New research has revealed that more and more people are going online, and are accessing the internet on a mobile device – plus almost every single family household in the UK is now connected to the net.
The latest report from the Office for National Statistics (ONS) on internet access in the UK (for 2016) found that 82% of adults now use the internet every day (or almost every day).
That was up 4% compared to 2015, a healthy increase, and to put the overall figure in perspective, it stood at 35% just a decade ago.
And naturally enough, many more folks are going online via a mobile device, with 75% of UK adults using the internet on phones, tablets or laptops. And that percentage increased hugely when you look at the 16 to 24 age bracket – 97% of those went online using their handset or notebook.
As for the percentage of homes in the UK which have an internet connection, that now stands at 89%, up 3% compared to last year. There was, predictably enough, a big gulf between households with families and pensioners living on their own – 99% of the former had a net connection, but only 53% of the latter.
Most households – 93% of them – had a fixed broadband connection, whether that was DSL, fibre or cable, but the ONS noted that 30% use their mobile broadband connection at home.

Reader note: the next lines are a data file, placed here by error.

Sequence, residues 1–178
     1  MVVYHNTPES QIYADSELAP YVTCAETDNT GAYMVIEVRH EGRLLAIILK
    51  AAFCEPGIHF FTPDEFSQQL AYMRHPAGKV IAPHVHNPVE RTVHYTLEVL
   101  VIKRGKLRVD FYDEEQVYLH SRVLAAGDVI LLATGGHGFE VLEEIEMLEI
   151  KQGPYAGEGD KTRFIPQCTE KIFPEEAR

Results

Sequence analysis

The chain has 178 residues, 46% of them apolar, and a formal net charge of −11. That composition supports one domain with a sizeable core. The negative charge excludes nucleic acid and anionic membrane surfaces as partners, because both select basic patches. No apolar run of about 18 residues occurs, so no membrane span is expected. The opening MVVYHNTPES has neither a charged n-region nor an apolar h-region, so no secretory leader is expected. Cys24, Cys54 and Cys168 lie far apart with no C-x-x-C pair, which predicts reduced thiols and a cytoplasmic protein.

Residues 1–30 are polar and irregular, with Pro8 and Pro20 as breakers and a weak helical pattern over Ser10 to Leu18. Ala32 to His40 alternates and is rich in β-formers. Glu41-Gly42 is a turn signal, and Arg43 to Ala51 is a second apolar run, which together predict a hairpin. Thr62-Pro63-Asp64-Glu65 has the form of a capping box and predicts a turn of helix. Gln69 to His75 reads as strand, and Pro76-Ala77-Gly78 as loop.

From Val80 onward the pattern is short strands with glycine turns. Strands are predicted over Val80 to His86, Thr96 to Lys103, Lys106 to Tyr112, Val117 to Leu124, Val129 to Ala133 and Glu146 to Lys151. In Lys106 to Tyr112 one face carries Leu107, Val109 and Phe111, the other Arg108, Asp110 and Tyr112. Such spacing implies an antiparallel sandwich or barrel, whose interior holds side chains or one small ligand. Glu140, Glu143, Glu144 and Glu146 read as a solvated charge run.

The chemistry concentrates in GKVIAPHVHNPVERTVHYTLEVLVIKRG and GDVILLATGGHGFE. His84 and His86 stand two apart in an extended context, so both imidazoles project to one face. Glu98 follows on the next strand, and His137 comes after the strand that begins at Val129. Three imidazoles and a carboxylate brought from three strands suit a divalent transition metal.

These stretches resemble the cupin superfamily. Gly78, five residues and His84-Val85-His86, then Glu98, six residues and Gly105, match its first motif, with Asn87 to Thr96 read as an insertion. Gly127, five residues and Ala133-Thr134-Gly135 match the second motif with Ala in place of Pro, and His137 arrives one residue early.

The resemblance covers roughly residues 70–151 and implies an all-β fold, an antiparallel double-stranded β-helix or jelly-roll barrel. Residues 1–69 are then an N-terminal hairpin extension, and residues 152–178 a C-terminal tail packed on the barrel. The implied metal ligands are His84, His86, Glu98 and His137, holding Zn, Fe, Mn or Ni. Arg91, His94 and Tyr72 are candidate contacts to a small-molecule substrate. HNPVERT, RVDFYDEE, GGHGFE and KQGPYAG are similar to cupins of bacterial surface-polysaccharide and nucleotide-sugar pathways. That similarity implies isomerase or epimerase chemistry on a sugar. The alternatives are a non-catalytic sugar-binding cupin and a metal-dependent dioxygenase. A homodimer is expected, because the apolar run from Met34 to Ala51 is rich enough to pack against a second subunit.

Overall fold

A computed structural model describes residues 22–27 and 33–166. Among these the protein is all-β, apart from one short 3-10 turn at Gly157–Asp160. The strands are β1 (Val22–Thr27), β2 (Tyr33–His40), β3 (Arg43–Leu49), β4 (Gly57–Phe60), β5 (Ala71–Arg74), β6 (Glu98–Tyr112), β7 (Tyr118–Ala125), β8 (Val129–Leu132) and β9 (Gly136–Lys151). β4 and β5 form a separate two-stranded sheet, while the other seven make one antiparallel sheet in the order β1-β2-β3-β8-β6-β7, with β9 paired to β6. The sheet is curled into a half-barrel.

The study also looked at shopping on the net and found that the vast majority of those surveyed had used online retailers – no less than 77%. The most popular items to buy were clothes and sporting equipment.
And of course no report on internet would be complete without looking at our social media habits, and again unsurprisingly, the numbers of folks using Facebook, Twitter and so on rose to 63% of all adults. That represented a 2% increase on 2015 – not as sizeable a rise as the increase in those using the internet overall.
Kate Davies, of the Surveys and Economic Indicators Division, ONS, commented: "Regular internet use continues to rise, with more than 8 in 10 people going online almost every day in 2016. However, many older people are still to catch up with the digital revolution, with nearly half of single pensioners still having no internet access at all."